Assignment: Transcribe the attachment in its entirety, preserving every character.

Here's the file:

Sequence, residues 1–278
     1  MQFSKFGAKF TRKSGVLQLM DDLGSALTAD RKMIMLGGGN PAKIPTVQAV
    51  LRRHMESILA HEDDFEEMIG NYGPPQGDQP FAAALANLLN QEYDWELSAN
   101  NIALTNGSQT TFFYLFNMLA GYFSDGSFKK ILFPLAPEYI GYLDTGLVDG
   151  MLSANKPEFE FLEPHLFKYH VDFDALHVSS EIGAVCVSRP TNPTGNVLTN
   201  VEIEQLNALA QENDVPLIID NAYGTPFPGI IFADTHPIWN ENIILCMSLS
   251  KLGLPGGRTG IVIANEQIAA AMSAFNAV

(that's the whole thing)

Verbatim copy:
Sequence, residues 1–278
     1  MQFSKFGAKF TRKSGVLQLM DDLGSALTAD RKMIMLGGGN PAKIPTVQAV
    51  LRRHMESILA HEDDFEEMIG NYGPPQGDQP FAAALANLLN QEYDWELSAN
   101  NIALTNGSQT TFFYLFNMLA GYFSDGSFKK ILFPLAPEYI GYLDTGLVDG
   151  MLSANKPEFE FLEPHLFKYH VDFDALHVSS EIGAVCVSRP TNPTGNVLTN
   201  VEIEQLNALA QENDVPLIID NAYGTPFPGI IFADTHPIWN ENIILCMSLS
   251  KLGLPGGRTG IVIANEQIAA AMSAFNAV